A Stop on the North Branch of the Old Spanish Trail

Delta, Colorado | July 2020 | By Mary Menz, with Chris Miller, Director, IAWC]

Visitors standing on the banks of the Gunnison River at Fort Uncompahgre in Delta understand why Antoine Robidoux established it here in 1828. This location provided access to clean water from the Gunnison River and afforded prime frontage on the well-traveled North Branch of the Old Spanish Trail.

The Ute Indians and other native American Indian tribes established trade routes thousands of years ago that passed through this area. In 1776, Franciscan priests Atanasio Dominguez and Silvestre Velez de Escalante followed portions of this trail looking for an overland route between Santa Fe and their mission in Monterey, CA. It took on the name Old Spanish Trail and was made famous by the Spanish explorers and trappers in the early 1800s. Visitors standing on the banks of the Gunnison River at Fort Uncompahgre in Delta understand why Antoine Robidoux established it here in 1828. This location provided access to clean water from the Gunnison River and afforded prime frontage on the well-traveled North Branch of the Old Spanish Trail.

The Ute Indians and other Native American Indian tribes established trade routes thousands of years ago that passed through this area. In 1776, Franciscan priests Atanasio Dominguez and Silvestre Velez de Escalante followed portions of this trail looking for an overland route between Santa Fe and their mission in Monterey, California. It took on the name Old Spanish Trail and was made famous by the Spanish explorers and trappers in the early 1800s.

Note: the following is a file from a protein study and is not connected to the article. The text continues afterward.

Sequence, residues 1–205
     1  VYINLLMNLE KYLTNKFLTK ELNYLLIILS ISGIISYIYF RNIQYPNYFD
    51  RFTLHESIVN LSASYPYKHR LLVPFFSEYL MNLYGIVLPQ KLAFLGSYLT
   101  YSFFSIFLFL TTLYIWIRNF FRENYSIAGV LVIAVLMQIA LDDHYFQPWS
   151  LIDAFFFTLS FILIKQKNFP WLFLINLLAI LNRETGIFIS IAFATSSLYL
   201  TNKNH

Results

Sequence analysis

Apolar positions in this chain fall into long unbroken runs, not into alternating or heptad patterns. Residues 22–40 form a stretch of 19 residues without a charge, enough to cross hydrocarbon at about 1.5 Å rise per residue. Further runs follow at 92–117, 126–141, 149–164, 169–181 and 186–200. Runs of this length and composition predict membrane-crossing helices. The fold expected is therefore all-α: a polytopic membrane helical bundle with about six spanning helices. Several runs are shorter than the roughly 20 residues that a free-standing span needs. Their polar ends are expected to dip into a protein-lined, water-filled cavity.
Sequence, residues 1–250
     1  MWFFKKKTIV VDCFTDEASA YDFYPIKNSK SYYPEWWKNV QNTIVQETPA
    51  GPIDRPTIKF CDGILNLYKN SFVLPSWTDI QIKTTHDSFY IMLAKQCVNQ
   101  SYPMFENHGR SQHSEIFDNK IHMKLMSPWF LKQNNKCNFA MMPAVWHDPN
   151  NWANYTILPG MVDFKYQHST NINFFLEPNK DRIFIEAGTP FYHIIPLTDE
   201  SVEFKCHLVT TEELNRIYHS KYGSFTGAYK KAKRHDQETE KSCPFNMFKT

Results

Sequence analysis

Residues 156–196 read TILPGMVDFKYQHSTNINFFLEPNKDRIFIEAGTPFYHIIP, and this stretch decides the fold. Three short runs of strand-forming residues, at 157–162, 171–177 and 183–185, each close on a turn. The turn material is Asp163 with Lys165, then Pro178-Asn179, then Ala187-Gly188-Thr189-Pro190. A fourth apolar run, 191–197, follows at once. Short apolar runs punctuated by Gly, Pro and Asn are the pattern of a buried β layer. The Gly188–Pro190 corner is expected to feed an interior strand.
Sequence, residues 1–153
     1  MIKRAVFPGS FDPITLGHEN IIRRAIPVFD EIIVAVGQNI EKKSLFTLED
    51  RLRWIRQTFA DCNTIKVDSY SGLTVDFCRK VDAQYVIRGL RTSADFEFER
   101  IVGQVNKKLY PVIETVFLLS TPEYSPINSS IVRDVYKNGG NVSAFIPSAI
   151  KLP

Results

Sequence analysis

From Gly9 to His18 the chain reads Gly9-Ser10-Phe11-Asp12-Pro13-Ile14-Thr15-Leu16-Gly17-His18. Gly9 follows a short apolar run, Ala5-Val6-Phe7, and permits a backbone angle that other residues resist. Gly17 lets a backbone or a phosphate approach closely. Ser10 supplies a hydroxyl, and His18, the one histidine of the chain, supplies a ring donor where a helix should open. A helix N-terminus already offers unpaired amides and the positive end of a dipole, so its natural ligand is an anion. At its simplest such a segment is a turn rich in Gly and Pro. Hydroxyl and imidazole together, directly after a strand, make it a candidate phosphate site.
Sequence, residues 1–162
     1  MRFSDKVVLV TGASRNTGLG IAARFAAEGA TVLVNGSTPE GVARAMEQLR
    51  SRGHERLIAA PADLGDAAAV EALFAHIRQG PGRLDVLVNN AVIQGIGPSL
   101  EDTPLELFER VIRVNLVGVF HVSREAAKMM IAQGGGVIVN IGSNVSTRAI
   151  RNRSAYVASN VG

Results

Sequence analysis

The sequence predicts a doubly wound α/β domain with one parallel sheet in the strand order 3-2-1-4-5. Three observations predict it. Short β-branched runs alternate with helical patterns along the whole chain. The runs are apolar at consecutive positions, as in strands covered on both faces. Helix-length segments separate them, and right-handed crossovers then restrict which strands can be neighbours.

Travelers from both directions would ford the river at the relatively safe and low gravel bed on the Gunnison River. People traded their wares, ate from the Fort’s la cocina, and perhaps camped nearby before continuing their journey.

Robidoux Bottoms

When Robidoux built the fort, this land was part of Nuevo Mexico and could only be owned by Mexican citizens. That was not an obstacle for Antoine Robidoux. He married the governor’s daughter, became a citizen, and began his business in what was commonly referred to as Robidoux Bottoms.

The north-south route ran between Santa Fe to the San Luis Valley to present-day Montrose, Delta, and Grand Junction.

In 1844, Fort Uncompahgre and Fort Robidoux in Utah—both owned and operated by Antoine Robidoux—were attacked and burned to the ground by a band of Ute Indians.

After 1850, railroad survey expeditions, western-bound settlers, ranchers, and others used the North Branch of the Old Spanish Trail. Ironically, the U.S. Cavalry moved the Ute Indians out of the area via this same trail to Fort Duchesne where the Uintah and Ouray Indian Reservation was established.

Today, the North Branch is a congressionally designated route running from Espanola, New Mexico, to Green River, Utah, where it joins the northern or main route. History buffs follow it and visit interpretive sites along the trail, like the one here at Fort Uncompahgre.

Fort Uncompahgre is located at 440 North Palmer Street, Delta, Colorado, just off Confluence Drive adjacent to the Bill Heddles Recreation Center. The Fort is open Monday through Saturday, 8 a.m. to 5 p.m. The gift shop and visitor center are open year-round, 9 a.m. to 5 p.m., Monday through Saturday. For more information about the tours or the Fort and grounds, visit fortuncompahgre.org or call 970-874-8349. To learn more about the Interpretive Association of Western Colorado (IAWC), visit wcinterp.com  *